Christopher Hitchens, author of God is Not Great: How Religion Poisons Everything and co-author of Is Christianity Good for the World with Pastor Douglas Wilson, takes on religion in the US military in his latest article in Vanity Fair, for which is he a contributing writer.
The lead-in to the article demonstrates a set of false assumptions which are never substantiated within the article:
It’s no secret that conservative Christians dominate the US military, but when higher-ups start talking about conversion missions, it’s time to worry.
Hitchens never provides evidence that any ideological belief, never mind conservative Christianity, “dominates” the US military. He also misrepresents Read more
An Associated Press article repeated at the local Gazette and other sources says of the US Air Force Academy:
Religious tolerance has improved dramatically since allegations five years ago that evangelical Christians harassed cadets who didn’t share their faith.
The article even quotes critic Michael Weinstein, who sued the Air Force for incidents at the Academy, agreeing with the assessment:
This is the first time we feel positive about things there.
While the initial complaints were that the Air Force was foisting Christianity on its cadets, the Air Force investigation instead determined that the situation was far simpler: cadets of minority faiths did not feel appropriately accommodated as was permissible under military regulations. Thus, the Air Force addressed Read more
It is true that military chapels are supposed to be, in some respects, “religiously neutral.” The objective of the regulations governing chapels is that any faith group be able to use them for their spiritual needs. As chapel space is often limited, many times a single building, or even a single room, must meet the needs of all faith groups.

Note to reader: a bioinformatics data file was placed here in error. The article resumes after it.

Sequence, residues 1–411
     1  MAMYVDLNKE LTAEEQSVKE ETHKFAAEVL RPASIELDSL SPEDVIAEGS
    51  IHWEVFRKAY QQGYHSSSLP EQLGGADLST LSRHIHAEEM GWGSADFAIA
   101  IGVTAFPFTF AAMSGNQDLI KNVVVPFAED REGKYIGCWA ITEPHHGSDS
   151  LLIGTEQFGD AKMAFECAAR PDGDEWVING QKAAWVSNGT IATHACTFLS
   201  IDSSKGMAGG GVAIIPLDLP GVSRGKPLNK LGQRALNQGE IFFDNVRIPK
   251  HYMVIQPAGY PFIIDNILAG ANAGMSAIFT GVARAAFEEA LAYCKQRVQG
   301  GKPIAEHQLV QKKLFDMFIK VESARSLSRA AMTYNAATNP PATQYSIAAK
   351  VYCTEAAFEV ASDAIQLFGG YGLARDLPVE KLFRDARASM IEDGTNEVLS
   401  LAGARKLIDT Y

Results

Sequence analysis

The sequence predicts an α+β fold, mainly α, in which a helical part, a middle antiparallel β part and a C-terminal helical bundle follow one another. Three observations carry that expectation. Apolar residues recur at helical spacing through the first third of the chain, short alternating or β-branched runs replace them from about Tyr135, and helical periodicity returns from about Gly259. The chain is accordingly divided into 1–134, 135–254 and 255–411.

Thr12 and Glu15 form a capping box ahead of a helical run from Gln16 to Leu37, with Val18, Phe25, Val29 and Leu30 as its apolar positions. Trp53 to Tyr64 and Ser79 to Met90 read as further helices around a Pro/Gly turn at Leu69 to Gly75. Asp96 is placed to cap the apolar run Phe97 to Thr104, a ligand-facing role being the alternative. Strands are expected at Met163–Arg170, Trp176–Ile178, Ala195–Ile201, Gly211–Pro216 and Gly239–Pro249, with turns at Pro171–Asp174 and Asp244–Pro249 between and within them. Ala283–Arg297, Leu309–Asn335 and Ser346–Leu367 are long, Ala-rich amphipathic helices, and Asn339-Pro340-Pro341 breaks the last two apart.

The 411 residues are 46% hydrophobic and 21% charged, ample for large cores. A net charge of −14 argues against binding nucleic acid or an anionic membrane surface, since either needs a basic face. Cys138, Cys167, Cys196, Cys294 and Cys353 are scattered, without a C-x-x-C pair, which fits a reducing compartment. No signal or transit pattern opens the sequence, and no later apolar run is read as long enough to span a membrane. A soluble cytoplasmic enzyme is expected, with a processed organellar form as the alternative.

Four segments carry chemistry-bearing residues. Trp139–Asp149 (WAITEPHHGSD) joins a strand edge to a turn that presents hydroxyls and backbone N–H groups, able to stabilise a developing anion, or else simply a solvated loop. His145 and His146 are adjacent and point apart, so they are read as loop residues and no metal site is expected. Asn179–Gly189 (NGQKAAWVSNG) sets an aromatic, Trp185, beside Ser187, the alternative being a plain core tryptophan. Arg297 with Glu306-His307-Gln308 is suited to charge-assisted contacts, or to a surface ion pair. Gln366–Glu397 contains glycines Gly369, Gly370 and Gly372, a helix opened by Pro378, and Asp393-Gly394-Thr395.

The military academies have long been an exception. The main floor of the US Air Force Academy Cadet Chapel, which turned 50 just a few months ago, is overtly Christian, with a huge, sculpted metal cross hanging from the ceiling. Rather than having “shared spaces,” the USAFA Chapel Read more
National Public Radio (NPR) recently reported that the Buddhist Chapel at the Air Force Academy, a room in the lower floors of the iconic Cadet Chapel, “represents tolerance” of beliefs at within the military institution.
The Buddhist hall within the Chapel has actually been in use for years (it was even renovated in 2007) so it is unclear why NPR is covering the story now. However, they do provide several quotes that indicate the religious climate at the Air Force Academy has “improved” from Read more
A local paper notes the 50th anniversary of the groundbreaking at the US Air Force Academy. Besides being the central building of worship on the cadet campus, it is also one of the most famous chapels and military structures. It is the number one manmade tourist attraction in Colorado.
A local paper announced the victory of the Demons over their adversaries during US Air Force Academy basic training, which ends soon as the new cadets will begin their academic year.
Much has been made of the apparently “supernatural” terminology sometimes invoked during Basic Cadet Training (BCT) at the US Air Force Academy. Read more
As noted on the local Gazette, Walter Netsch, Jr, designer of the famous and sometimes controversial Air Force Academy cadet chapel, has died.
More than a week after the initial melee, the New York Times picked up the story on the Naval Academy chapel practice of dipping the US flag at the altar (previously noted here).
There is nothing significantly new in the article, though it does seem to indicate that the initial hysteria over the incident (generated primarily by Weinstein’s Military Religious Freedom Foundation) was misplaced. (For example, no one “disobeyed a direct order.”)
Interestingly, columnists are quick to reference the US flag code, which says the flag should never be dipped. However, the US flag code is a guide, not a punitive regulation. Previous attempts to make it punitive were struck down by the Supreme Court as unConstitutional. Thus, while someone may disagree with the practice, it is not prohibited.
NYT reference courtesy of the Religion Clause, and recently updated on ADF.